Rishi Sunak energy efficiency VAT cut only ‘scratching the surface’


Rishi Sunak’s plans to scrap VAT on green home improvements have been cautiously welcomed by environmental organisations, but there is considerable concern over what the chancellor omitted from his address to parliament.

Campaigners and experts warned the government had tools at its disposal to tackle the enormous energy price rises ahead, nor done enough to incentivise the shift away from fossil fuels.

Mr Sunak’s Spring Statement announced a 5p tax cut on fuel at petrol stations, as well as the end of the 5 per cent rate of VAT on green home improvements.

He said this meant “a family having a solar panel set installed will see tax savings worth £1,000 and savings on their energy bill of over £300 per year”.

But campaigners have warned that the fuel tax cuts will not help reduce emissions and wean the UK off fossil fuels, nor will they have a considerable impact on the cost of living crisis, as fewer than half of the poorest households have cars.

Meanwhile many criticized the lack of a windfall tax on fossil fuel companies which have recorded record profits, and failure to put in place a broader package of measures to improve household energy efficiency, beyond tax-cuts to purchases.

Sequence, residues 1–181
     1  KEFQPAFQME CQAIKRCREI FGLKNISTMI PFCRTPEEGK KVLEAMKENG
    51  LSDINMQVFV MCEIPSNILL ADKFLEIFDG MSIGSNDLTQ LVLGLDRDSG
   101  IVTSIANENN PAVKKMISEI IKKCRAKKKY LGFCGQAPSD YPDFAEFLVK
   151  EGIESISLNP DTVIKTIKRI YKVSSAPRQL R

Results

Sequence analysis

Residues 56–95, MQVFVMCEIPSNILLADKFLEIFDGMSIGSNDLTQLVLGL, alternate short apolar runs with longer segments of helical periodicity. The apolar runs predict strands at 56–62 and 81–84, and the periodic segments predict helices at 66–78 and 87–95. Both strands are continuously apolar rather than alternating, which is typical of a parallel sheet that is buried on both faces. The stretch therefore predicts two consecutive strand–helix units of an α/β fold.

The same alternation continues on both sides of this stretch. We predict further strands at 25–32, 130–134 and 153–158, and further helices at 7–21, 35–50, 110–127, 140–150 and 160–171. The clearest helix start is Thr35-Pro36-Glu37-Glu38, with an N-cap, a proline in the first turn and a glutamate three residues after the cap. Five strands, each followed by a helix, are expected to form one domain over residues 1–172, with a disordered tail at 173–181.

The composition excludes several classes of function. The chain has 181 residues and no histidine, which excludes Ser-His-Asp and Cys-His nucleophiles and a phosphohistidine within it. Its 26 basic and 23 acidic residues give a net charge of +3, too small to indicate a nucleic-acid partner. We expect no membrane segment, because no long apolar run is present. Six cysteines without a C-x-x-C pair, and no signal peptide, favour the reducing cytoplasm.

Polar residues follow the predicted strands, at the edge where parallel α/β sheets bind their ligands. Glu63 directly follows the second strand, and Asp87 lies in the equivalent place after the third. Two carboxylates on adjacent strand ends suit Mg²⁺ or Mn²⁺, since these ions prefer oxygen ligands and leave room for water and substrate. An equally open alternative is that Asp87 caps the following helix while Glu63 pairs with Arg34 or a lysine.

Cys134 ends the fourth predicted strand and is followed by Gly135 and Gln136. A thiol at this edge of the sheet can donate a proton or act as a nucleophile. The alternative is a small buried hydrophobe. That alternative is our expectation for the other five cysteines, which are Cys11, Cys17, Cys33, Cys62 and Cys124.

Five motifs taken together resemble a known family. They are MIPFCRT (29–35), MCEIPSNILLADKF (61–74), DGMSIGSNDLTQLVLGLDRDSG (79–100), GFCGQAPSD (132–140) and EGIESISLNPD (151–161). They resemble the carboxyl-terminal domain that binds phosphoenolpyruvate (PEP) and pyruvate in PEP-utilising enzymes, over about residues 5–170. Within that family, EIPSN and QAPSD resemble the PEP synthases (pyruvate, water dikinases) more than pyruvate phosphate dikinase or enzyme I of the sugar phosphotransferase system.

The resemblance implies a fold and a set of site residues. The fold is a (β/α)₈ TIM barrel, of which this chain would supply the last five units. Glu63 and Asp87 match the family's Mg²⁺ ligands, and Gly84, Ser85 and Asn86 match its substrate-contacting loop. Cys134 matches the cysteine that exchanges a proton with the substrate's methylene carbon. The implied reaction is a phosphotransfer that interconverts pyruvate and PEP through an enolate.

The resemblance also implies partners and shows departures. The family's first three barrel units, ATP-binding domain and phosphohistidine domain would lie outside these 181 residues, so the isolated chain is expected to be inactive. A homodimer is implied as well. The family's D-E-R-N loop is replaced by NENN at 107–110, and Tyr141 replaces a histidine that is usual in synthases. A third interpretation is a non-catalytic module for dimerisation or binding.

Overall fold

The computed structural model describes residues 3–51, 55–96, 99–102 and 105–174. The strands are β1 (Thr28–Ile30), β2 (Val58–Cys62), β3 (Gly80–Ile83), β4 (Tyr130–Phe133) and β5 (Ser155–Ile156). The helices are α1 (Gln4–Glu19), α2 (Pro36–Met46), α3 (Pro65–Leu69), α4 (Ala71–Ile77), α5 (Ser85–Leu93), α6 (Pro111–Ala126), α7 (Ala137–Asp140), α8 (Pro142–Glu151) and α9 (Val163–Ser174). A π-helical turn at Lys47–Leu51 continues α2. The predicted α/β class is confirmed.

Friends of the Earth said the government had only “scratched the surface” in helping people, while simultaneously letting polluting companies off the hook.

The campaign group’s head of policy, Mike Childs, said: “It’s astonishing that the chancellor continues to allow fossil fuel firms to rake in enormous profits while cash-strapped households struggle with their bills.

“A windfall tax on these companies could have funded energy efficiency and eased the burden on those most affected. The measures introduced today will only scratch the surface of what’s needed to help people save energy.

Dr Doug Parr, policy director at Greenpeace UK said the tax cuts must only be the start of measures to cut bills and emissions. He also urged direct financial support for households, going beyond mere tax cuts, which could come from a windfall tax on fossil fuel firms.

He said: “Right now millions of people are paying through the nose to heat homes which are so poorly insulated the warmth shoots right outside. Cutting VAT on insulation, solar panels and heat pumps is a welcome start to ending that huge waste of energy, Helping keep bills down and cut our gas use.

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“But if the chancellor’s serious about tackling the issue then it can only be the start. We need to see around £10bn of support, part raised by a windfall tax on oil and gas companies, for delivering the help families need to install the clean technologies that will get us off gas.”

Jess Ralston, analyst at the Energy and Climate Intelligence Unit, indicated Mr Sunak had not made the most of the opportunity to kick the UK’s requirement for Russian fossil fuels and tackle the cost of living crisis.